I have one small nit to pick with your list though: I never imagined that we would want ACTION to make a profit. I’d personally be all for making it free so as drive up utilisation. We don’t demand that the government make money from pedestrian footpaths and crossings, or what the government spends on private motor vehicles and where they are driven and parked. We don’t expect the government to make money from bicycle paths and so on, so why single out public transport? There are many things that the government spends money on as enablers of our society including education, health and transport. Making a profit was never a goal from my perspective.

Exactly. Cities like Tokyo aside, public transport doesn’t (and is not expected) to generate a profit anywhere. It’s a service provided by the Government to the community, just like health and education.

You wouldn’t expect a publicly funded hospital to turn a profit, would you?

#4
dungfungus12:36 pm, 26 Jun 14

Rhodium Asset Solutions, The Canberra Glassworks, The National Arboretum? GWS sponsorship?
It goes on and on. Most of these ventures were pet projects of a few Walter Mitty-minded people and none were put to the voters.

#5
Peter Clack1:27 pm, 26 Jun 14

patrick_keogh said :

So what would you have done differently if you were in charge Peter?

I have one small nit to pick with your list though: I never imagined that we would want ACTION to make a profit. I’d personally be all for making it free so as drive up utilisation. We don’t demand that the government make money from pedestrian footpaths and crossings, or what the government spends on private motor vehicles and where they are driven and parked. We don’t expect the government to make money from bicycle paths and so on, so why single out public transport? There are many things that the government spends money on as enablers of our society including education, health and transport. Making a profit was never a goal from my perspective.

I think you will see that I did not say the ACTION bus service needed to be profitable. The issue is about ineffective management (see Auditor General) and lack of an alternative approach or even any interest in finding alternatives.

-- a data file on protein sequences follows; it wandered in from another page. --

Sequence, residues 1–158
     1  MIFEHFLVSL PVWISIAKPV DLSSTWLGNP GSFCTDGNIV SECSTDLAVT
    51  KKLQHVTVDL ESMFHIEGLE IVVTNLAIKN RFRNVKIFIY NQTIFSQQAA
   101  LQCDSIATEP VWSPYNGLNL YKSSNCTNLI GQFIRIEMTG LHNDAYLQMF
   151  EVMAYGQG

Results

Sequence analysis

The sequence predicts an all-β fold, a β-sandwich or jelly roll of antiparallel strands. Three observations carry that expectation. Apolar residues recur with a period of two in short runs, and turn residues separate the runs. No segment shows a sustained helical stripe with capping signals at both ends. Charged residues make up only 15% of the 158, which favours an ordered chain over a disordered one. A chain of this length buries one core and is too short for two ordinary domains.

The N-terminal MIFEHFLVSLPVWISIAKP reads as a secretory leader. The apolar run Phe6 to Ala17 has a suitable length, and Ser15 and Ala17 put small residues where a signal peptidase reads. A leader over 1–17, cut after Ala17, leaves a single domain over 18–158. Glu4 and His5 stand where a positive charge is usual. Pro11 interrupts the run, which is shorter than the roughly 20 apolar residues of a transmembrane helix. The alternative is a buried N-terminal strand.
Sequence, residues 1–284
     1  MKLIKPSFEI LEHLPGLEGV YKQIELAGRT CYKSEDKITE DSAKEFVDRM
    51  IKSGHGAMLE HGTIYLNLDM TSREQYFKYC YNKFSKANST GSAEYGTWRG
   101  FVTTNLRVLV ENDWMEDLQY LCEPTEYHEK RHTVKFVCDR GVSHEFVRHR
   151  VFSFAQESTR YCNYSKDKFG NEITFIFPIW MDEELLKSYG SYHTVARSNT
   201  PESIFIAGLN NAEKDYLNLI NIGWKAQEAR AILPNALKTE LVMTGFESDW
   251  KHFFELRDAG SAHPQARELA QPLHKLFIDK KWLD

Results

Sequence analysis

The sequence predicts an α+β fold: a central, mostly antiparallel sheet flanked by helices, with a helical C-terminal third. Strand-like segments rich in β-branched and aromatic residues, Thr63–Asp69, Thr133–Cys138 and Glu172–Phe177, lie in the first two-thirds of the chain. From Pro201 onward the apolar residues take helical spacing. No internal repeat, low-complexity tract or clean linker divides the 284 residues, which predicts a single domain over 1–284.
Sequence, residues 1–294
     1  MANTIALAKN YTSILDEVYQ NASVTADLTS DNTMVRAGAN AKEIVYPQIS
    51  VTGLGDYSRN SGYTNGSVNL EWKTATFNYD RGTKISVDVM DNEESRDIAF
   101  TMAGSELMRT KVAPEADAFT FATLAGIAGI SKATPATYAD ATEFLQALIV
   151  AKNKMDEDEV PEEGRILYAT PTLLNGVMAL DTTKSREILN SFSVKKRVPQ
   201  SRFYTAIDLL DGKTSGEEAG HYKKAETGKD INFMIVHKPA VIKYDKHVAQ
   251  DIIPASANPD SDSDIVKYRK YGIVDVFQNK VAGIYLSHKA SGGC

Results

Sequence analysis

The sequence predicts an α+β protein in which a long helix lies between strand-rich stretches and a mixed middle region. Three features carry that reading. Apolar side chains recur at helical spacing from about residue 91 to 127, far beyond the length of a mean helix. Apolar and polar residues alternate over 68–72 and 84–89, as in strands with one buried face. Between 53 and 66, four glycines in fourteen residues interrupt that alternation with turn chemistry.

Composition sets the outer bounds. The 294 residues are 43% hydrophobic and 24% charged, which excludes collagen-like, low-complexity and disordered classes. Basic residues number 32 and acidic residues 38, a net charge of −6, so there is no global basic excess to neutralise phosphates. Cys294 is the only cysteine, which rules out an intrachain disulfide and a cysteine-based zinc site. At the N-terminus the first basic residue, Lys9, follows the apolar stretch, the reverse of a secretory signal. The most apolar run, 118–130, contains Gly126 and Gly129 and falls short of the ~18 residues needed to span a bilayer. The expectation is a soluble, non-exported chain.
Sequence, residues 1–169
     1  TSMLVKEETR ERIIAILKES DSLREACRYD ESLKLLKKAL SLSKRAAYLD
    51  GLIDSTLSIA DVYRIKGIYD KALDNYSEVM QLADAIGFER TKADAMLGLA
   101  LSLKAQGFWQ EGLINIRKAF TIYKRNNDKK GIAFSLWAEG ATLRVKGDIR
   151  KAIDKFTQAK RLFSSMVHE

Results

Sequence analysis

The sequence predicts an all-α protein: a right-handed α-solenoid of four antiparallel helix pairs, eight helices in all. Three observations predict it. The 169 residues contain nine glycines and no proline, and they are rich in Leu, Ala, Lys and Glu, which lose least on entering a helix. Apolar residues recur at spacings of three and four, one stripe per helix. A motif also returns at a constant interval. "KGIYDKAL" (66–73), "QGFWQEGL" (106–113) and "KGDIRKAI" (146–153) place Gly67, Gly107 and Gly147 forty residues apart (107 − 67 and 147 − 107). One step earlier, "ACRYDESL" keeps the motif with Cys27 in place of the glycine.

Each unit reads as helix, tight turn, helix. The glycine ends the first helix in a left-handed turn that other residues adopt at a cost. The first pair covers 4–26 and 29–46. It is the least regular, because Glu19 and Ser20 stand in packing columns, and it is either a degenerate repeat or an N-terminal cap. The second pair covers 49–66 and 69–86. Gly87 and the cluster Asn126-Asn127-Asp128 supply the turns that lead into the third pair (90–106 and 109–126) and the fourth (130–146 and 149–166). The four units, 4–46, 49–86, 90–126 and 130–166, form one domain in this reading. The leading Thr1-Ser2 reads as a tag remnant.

And as arescarti42 says, are all the world’s transport systems run in the black? Are they? Are we not able to explore, for example, alternative public/private investment scenarios and ideas to find a system that might be less damaging to Canberra’s limited economy in the longer term? If so, where have these ideas been over the past 25 years?

#6
VYBerlinaV8_is_back2:34 pm, 26 Jun 14

Peter Clack said :

Are we not able to explore, for example, alternative public/private investment scenarios and ideas to find a system that might be less damaging to Canberra’s limited economy in the longer term? If so, where have these ideas been over the past 25 years?

I think exploring such ideas and concepts is a very good idea indeed, and we should not fear to try something new. The problem, however, is the lack of real analysis and thought that goes into some of these things. Take the light rail for example. We know it will cost a fortune (and likely blow costs further), we know it won’t be profitable, we know we will need significant changes to density and behaviours, and we know a busway would achieve the same goal for a far smaller outlay. But we’re still doing it. It’s a disaster in the making, and will no doubt turn into a political nightmare and financial burden for us all, but onwards and we go, regardless of the consequences.

#7
patrick_keogh3:02 pm, 26 Jun 14

So I return to my original question, how can we improve capability in government for business management, project management and governance? No point in disagreeing with the outputs, that is the projects that do not complete on budget/schedule/scope or policy decisions that I individually may or may not like, we have to focus as Deming would instruct us, on the inputs.

#8
laraeddy5:00 pm, 26 Jun 14

And yet, somehow, we find out today that Canberra has the highest wellbeing rating of any Australian capital (http://www.canberratimes.com.au/act-news/act-wellbeing-highest-in-the-country-says-oecd-20140625-zsloe.html) and http://www.oecdregionalwellbeing.org/region.html#AU8. And for most of the indicators, within the top 10% in the world.

If that’s a damning legacy – give me more of it, please !!

But this is only based on minor little things like education (ACT Govt issue), employment, health (ACT Govt issue), access to services (ACT Govt issue), environment – not massively significant stuff like a one-off failed hospitality training exercise.